Please use this identifier to cite or link to this item: http://hdl.handle.net/2381/27284
Title: Do intrauterine or genetic influences explain the foetal origins of chronic disease? A novel experimental method for disentangling effects.
Authors: Thapar, A
Harold, G
Rice, F
Ge, X
Boivin, J
Hay, D
van den Bree M
Lewis, A
First Published: 2007
Citation: BMC MED RES METHODOL, 2007, 7, pp. 25-25
Abstract: There is much evidence to suggest that risk for common clinical disorders begins in foetal life. Exposure to environmental risk factors however is often not random. Many commonly used indices of prenatal adversity (e.g. maternal gestational stress, gestational diabetes, smoking in pregnancy) are influenced by maternal genes and genetically influenced maternal behaviour. As mother provides the baby with both genes and prenatal environment, associations between prenatal risk factors and offspring disease maybe attributable to true prenatal risk effects or to the "confounding" effects of genetic liability that are shared by mother and offspring. Cross-fostering designs, including those that involve embryo transfer have proved useful in animal studies. However disentangling these effects in humans poses significant problems for traditional genetic epidemiological research designs.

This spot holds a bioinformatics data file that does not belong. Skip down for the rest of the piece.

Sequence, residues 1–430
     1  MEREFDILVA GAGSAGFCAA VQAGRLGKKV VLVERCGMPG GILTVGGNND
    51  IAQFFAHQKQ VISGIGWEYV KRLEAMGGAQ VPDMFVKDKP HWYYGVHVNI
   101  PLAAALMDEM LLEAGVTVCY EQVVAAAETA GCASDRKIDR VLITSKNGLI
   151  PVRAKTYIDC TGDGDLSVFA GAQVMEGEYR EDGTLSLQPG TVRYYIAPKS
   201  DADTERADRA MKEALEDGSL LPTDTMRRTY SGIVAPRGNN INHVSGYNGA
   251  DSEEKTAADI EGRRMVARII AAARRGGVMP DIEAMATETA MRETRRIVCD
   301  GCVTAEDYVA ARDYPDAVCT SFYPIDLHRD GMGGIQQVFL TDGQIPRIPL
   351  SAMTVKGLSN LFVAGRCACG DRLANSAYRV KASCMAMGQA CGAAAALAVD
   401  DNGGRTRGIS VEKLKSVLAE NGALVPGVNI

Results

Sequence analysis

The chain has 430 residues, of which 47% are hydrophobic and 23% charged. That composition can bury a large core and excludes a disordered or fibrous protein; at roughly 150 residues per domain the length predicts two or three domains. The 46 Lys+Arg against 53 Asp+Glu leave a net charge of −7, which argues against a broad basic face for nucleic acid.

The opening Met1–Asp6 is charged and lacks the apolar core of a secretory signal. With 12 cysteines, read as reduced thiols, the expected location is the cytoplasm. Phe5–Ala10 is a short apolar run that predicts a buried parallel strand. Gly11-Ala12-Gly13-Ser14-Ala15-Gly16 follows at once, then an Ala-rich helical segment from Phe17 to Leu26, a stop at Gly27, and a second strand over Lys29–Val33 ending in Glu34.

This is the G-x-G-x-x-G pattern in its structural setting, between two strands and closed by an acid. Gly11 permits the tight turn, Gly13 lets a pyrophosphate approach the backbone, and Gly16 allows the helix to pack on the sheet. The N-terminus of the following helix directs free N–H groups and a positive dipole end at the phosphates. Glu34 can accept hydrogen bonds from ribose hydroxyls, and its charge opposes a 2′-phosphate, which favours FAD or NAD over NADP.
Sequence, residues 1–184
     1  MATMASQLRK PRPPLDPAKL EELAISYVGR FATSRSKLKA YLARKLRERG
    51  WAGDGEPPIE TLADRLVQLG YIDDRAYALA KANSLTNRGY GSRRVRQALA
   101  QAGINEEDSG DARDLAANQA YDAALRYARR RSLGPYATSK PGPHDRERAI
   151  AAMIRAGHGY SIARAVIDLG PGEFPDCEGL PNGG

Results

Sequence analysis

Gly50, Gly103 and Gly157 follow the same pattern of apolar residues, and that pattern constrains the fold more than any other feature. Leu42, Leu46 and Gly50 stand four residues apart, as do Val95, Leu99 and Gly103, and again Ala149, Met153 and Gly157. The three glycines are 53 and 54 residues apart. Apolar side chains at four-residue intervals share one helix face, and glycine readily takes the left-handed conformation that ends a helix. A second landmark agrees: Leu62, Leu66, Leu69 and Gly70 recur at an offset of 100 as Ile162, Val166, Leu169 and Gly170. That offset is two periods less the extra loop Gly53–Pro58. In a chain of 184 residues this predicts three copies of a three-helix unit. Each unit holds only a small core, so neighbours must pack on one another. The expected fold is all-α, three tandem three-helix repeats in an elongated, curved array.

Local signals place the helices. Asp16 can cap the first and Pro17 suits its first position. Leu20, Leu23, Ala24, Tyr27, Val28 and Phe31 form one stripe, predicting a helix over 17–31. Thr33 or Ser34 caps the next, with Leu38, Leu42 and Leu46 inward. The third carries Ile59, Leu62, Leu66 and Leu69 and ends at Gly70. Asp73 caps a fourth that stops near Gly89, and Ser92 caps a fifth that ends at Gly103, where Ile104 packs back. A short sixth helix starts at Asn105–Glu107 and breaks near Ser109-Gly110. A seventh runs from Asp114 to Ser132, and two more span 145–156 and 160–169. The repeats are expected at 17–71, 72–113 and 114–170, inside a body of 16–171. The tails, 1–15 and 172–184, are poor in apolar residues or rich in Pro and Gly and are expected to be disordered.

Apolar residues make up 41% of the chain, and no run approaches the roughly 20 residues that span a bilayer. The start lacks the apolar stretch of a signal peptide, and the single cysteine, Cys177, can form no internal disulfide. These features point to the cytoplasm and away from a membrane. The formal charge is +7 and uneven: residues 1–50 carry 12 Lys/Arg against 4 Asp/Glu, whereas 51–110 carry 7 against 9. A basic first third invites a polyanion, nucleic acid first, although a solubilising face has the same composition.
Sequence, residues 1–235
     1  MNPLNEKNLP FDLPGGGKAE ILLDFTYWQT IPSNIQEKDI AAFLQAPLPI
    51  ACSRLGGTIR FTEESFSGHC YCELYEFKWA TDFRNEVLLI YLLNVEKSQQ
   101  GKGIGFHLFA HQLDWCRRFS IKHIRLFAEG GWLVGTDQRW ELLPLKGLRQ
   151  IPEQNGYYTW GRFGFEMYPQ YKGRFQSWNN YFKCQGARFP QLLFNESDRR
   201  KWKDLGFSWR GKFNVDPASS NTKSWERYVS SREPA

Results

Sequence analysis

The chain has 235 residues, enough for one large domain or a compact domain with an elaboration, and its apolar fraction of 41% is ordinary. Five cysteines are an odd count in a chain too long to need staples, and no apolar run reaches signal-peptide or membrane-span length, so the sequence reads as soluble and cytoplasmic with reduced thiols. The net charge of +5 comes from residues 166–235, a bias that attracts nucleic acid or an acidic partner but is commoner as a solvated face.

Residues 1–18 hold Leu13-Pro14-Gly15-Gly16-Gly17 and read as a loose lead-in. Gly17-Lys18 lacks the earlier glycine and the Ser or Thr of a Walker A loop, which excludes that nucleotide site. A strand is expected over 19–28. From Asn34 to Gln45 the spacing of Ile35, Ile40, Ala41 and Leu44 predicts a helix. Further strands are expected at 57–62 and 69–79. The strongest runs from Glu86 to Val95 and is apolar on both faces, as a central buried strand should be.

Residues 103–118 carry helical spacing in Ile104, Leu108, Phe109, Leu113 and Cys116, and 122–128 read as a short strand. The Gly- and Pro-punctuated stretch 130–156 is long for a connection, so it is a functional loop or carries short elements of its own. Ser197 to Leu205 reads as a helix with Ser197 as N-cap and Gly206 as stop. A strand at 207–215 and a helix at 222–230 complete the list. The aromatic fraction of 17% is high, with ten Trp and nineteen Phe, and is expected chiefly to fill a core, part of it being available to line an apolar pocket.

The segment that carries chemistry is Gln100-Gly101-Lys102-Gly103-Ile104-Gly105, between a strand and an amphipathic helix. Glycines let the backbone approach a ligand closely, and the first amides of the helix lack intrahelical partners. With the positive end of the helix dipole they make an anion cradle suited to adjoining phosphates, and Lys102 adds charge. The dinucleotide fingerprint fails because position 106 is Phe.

DOI Link: 10.1186/1471-2288-7-25
eISSN: 1471-2288
Links: http://hdl.handle.net/2381/27284
Type: Journal Article
Appears in Collections:Published Articles, School of Psychology

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